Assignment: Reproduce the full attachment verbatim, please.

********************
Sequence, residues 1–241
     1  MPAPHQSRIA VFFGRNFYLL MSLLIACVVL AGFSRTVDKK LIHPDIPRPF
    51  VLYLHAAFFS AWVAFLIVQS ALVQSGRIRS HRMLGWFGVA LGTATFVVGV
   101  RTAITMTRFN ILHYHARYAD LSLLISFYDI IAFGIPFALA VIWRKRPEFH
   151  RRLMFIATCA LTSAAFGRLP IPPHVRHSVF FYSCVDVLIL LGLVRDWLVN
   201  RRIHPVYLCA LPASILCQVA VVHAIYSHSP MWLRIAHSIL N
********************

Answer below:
Sequence, residues 1–241
     1  MPAPHQSRIA VFFGRNFYLL MSLLIACVVL AGFSRTVDKK LIHPDIPRPF
    51  VLYLHAAFFS AWVAFLIVQS ALVQSGRIRS HRMLGWFGVA LGTATFVVGV
   101  RTAITMTRFN ILHYHARYAD LSLLISFYDI IAFGIPFALA VIWRKRPEFH
   151  RRLMFIATCA LTSAAFGRLP IPPHVRHSVF FYSCVDVLIL LGLVRDWLVN
   201  RRIHPVYLCA LPASILCQVA VVHAIYSHSP MWLRIAHSIL N